Ecotrust Forest Management’s Moss Creek project — the first forest carbon project in Oregon and Washington — has successfully generated carbon credits for sale in the carbon market.
The first five-year stream of carbon credits from the project has been purchased and retired by General Motors’ brand Chevrolet through its Carbon Reduction Initiative. In 2010, the company made a historic voluntary commitment to purchase and retire up to eight million tonnes of CO2 emissions reductions, meaning they will not be used to offset emissions related to specific Chevrolet products or operations.
The carbon offsets generated by the Moss Creek project are made possible by EFM’s forest management actions on 980 acres it manages on behalf of private investors. These actions include reduced harvest volumes, extended harvest rotations, expanded reserves and protection of important habitat. These voluntary actions go above and beyond regulatory requirements, and are guided by the standards of the Forest Stewardship Council, an independent, non-governmental, not for profit organization established to promote the responsible management of the world’s forests. The project, which has been registered under the Verified Carbon Standard (VCS), is poised to generate 150,000 tons over its lifetime.
David Tulauskas, Director of Sustainability for General Motors Company, commented that “this is exactly the sort of community-based, positive, social, and environment impact Chevrolet hoped to have with its voluntary emission reduction commitment.”
“The project is truly unique among others we evaluated.” said Patrick Nye, Senior Consultant at Bonneville Environmental Foundation, and Chevrolet’s carbon portfolio manager.
“What stands out with Moss Creek is how its production of offsets directly benefits private commercial landowners, local rural communities and threatened, endangered species that are dependent on intact forest habitat.”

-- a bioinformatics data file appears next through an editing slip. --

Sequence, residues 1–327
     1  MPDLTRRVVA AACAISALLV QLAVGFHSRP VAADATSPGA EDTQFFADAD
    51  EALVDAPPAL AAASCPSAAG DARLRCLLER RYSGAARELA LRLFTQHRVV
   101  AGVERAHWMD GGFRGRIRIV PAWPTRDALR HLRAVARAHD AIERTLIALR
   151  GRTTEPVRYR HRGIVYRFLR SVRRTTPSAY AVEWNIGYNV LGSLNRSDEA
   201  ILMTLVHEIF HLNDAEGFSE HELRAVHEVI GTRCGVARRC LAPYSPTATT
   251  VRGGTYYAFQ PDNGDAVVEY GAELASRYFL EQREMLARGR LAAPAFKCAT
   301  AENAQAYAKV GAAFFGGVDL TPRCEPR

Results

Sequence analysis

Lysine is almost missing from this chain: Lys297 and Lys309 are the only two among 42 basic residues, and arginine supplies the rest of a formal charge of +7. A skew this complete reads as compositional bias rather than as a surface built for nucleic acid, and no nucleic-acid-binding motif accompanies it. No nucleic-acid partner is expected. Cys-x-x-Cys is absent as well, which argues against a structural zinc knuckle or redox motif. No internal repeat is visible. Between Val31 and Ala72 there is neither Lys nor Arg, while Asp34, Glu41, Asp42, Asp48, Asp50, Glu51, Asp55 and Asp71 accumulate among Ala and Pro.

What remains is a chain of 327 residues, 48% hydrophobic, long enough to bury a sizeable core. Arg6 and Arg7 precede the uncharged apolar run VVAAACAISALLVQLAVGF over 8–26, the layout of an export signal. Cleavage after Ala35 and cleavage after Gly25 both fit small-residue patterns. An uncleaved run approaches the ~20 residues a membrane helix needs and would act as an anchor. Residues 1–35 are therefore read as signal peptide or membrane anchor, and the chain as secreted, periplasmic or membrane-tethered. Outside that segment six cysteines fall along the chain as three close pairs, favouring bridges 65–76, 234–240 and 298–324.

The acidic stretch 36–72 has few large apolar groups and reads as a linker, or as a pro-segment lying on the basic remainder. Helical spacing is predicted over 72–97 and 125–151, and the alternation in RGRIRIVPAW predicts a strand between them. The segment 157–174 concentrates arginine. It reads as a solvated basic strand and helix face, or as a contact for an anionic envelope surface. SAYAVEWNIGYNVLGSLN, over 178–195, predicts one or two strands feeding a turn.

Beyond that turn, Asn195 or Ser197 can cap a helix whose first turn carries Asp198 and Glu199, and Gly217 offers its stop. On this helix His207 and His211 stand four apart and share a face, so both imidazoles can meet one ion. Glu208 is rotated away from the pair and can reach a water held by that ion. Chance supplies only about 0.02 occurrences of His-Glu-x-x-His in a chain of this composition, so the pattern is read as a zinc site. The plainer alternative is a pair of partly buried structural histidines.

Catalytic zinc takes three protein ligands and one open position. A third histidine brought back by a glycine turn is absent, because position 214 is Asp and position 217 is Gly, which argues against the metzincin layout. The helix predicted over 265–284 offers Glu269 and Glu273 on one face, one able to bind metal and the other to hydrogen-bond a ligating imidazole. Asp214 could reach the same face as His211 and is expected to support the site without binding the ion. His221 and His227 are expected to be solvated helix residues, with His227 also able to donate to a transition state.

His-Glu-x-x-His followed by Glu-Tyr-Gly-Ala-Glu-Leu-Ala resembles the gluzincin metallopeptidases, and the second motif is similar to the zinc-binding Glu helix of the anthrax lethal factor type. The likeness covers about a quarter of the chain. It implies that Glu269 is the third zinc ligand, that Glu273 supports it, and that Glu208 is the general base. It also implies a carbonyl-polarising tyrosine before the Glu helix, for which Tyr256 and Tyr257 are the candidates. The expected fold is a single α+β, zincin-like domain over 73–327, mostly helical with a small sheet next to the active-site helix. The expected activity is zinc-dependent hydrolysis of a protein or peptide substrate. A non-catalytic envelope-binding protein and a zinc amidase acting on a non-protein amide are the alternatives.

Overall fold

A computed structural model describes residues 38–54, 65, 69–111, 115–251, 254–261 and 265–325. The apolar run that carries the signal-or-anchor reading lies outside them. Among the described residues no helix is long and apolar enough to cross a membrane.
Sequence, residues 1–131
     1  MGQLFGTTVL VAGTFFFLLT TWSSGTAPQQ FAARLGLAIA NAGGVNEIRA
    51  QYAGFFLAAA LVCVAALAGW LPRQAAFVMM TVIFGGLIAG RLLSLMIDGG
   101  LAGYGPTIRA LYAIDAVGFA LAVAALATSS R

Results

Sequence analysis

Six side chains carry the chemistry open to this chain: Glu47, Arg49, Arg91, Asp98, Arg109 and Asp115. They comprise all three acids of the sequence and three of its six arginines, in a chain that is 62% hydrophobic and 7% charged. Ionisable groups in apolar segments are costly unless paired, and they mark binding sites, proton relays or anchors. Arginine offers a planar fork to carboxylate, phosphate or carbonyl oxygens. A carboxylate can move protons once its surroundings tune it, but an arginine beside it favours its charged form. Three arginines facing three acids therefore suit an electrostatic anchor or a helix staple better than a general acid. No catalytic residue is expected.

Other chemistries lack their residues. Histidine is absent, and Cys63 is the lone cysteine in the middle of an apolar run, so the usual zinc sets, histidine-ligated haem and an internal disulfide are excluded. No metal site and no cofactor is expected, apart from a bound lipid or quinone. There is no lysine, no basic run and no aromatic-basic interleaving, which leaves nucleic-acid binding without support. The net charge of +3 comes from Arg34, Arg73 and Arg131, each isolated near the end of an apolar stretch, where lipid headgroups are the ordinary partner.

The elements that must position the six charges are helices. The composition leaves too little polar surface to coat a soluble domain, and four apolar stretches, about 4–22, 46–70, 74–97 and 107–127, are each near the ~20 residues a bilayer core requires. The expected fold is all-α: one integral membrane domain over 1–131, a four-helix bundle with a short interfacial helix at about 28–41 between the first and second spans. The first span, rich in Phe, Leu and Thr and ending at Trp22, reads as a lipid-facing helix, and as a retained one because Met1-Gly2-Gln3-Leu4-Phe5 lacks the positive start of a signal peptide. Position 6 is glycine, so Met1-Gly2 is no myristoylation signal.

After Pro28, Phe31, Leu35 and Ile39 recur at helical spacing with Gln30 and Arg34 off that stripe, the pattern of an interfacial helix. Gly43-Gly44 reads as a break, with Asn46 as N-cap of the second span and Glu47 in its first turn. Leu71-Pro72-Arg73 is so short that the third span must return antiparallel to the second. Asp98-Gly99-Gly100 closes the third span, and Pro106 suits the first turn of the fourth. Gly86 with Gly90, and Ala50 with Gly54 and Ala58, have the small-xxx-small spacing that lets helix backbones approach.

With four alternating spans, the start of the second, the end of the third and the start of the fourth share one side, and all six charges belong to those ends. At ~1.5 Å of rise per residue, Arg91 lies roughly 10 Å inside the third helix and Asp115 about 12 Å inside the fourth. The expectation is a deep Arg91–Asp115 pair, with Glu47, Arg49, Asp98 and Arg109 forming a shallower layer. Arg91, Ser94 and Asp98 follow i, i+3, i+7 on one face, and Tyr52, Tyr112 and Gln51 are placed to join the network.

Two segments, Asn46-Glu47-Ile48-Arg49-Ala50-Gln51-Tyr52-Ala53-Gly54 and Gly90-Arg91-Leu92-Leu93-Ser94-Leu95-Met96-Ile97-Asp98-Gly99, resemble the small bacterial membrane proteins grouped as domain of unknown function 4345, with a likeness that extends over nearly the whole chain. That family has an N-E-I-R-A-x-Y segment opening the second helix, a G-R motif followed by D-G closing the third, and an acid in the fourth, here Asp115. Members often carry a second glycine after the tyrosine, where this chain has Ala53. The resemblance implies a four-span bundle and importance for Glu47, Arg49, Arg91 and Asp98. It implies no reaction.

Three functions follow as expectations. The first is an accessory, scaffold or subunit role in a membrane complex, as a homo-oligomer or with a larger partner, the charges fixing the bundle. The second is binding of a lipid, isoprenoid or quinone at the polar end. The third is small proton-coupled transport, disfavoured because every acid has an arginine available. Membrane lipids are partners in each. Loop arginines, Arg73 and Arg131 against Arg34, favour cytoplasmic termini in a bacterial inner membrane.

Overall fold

The project area is situated upstream of the coastal Oregon town of Garibaldi in Tillamook County, and is located in the Moss Creek watershed which contributes to the town’s primary water source. “This carbon project will play an important role in safeguarding the quality of drinking water for the residents of Garibaldi,” said John O’Leary, Garibaldi City Manager.
EFM is seeking additional conservation easement funding to permanently protect and enhance the ecologically significant Moss Creek drainage, which is also important habitat for the threatened coastal coho salmon and potential habitat for the endangered marbled murrelet, a pelagic seabird, which nests only in moss-covered branches of large conifers within the coastal forest zone.
“EFM shares Chevrolet’s commitment to supporting high-quality carbon forestry projects that better align the financial needs of private land owners with the public’s interest in reducing greenhouse gas emissions, improved forest health and reduction in conversion of forests to other uses,” said CEO Bettina von Hagen.
“We look forward to providing high-quality carbon offsets to other innovative companies and working together to protect habitat, water quality, forest health, recreational opportunities and scenic vistas in the magnificent forests of the Pacific Northwest.”